On Tuesday night, Quebec became a member of an international political movement stretching from Edinburgh to Barcelona to Gatineau: The Plan-B Nationalists.
In Catalonia, Scotland and now Quebec, power is held by separatist parties that have little chance of winning a sovereignty referendum in the foreseeable future, but are instead using their electoral mandates to demand increasing devolution of power from the national government.
There’s little coincidence in this: In the nine years since the Parti Québécois were last in power, the separatist movements in Canada, Britain and Spain have become increasingly interlinked and motivated by one another’s tactics. Their leaders nowadays meet with one another on a regular basis, study one another’s slogans and strategies, and celebrate their mutual victories.
Officials in the Scottish National Party drop the Quebec referendum phrase “sovereignty-association” into their conversations; members of the Catalan Convergence and Unity coalition hold conferences on the Scottish multi-question referendum strategy, and newly elected PQ Premier Pauline Marois has communicated with both movements about their strategies.
Another, more important factor unites these movements: in all three jurisdictions, no more than a third of voters say they would cast a “Yes” ballot in an independence referendum. In Quebec, according to a CROP poll published last week, 28 per cent of voters support full secession; strikingly similar results have been registered recently in Scotland and Catalonia.
As a result, separatist parties everywhere are putting aside separatism for the larger cause of getting more powers – and more revenues – from the central government.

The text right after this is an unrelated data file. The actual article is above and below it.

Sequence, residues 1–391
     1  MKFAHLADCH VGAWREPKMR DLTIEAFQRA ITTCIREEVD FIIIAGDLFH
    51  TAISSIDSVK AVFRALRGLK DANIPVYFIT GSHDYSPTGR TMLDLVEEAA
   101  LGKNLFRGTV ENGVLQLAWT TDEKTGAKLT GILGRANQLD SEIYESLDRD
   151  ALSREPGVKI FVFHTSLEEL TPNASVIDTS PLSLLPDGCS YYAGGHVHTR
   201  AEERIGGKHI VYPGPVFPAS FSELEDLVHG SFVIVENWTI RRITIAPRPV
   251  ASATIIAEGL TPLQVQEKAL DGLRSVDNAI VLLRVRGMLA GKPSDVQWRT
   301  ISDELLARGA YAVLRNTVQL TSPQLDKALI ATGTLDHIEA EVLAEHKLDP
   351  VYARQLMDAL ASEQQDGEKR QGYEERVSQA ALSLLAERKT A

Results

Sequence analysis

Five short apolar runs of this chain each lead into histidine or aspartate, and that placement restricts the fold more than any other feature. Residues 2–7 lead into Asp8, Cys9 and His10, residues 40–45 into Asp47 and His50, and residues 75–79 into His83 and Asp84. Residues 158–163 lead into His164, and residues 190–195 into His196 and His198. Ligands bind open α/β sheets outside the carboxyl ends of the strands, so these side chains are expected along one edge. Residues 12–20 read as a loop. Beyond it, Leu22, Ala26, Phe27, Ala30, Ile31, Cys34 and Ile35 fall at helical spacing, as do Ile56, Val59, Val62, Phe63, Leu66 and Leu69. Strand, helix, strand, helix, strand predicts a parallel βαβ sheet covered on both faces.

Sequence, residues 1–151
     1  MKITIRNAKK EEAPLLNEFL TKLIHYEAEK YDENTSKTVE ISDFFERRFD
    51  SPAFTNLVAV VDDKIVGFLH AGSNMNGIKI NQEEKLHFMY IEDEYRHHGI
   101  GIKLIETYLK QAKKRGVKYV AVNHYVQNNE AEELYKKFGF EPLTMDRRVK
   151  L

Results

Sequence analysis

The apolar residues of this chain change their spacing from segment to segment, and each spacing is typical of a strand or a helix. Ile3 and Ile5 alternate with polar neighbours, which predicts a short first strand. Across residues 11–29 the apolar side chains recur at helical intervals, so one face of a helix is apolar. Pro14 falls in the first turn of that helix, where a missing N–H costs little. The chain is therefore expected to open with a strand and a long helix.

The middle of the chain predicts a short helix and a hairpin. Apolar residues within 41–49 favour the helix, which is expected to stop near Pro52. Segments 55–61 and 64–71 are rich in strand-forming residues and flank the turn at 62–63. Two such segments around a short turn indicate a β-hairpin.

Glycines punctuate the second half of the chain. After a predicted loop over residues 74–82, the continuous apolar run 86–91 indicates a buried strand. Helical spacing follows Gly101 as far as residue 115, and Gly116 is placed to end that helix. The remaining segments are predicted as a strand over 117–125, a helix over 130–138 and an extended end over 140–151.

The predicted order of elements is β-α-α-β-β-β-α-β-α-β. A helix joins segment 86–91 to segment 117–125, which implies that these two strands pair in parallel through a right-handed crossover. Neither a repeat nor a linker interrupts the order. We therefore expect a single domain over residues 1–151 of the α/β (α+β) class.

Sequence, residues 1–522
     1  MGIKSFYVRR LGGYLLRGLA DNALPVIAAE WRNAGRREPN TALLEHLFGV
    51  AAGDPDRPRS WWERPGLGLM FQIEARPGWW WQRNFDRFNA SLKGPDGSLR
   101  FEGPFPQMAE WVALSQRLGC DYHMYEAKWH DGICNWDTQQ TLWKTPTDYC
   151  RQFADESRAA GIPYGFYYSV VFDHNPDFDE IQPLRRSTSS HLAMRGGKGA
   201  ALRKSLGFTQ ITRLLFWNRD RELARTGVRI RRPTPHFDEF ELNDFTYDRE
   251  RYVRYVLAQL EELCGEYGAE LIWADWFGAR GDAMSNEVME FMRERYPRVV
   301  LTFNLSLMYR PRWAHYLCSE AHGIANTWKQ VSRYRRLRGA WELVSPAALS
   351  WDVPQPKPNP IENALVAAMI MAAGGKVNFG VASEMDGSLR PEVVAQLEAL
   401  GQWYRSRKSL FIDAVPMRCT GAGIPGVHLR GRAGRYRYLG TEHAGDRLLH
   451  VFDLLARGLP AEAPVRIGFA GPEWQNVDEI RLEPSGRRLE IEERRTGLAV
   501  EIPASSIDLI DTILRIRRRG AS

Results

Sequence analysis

“They’re all pursuing a plan B,” said David McCrone, an expert in nationalist movements at the University of Edinburgh. “There are considerable similarities, especially in what these parties actually want and what they think they can achieve in the medium term… I suppose that’s the nature of sovereign power these days. Our studies show that voters increasingly don’t see it as a choice between ‘a’ and ‘b’ but as a kind of continuum.”
This “Plan B” has become central to the politics of Scotland, Catalonia and Quebec during the past decade: In what the Scottish call “Devo Max” – in other words, maximum devolution of British government powers to the Scottish level – separatist leaders use the remote chance of a referendum as a bargaining chip to gain powers from the central government.
In Scotland, First Minister Alex Salmond’s SNP government is proposing a referendum in 2014 or 2015 that will pose the unpopular notion of secession as a first ballot question, followed by the far more popular idea of “Devo max” – in which taxation, welfare and health powers would be given to Scotland, but London would maintain military and foreign-affairs powers.
Catalonia, during the past two decades under various nationalist and separatist coalition governments, has gained numerous powers from the Madrid government including judicial autonomy, language rights, and, since 2006, recognized status as a “nation” within Spain.
Likewise, Ms. Marois has pledged that her PQ government would not make a sovereignty referendum its main priority, but rather a meeting with Prime Minister Stephen Harper to negotiate a new relationship that would relegate such powers as foreign-aid spending and copyright laws to Quebec.
In this, she is not so much diverging from her party’s separatist roots as merging with the norm in international nationalist politics and becoming a paid-up member of the Plan-B club.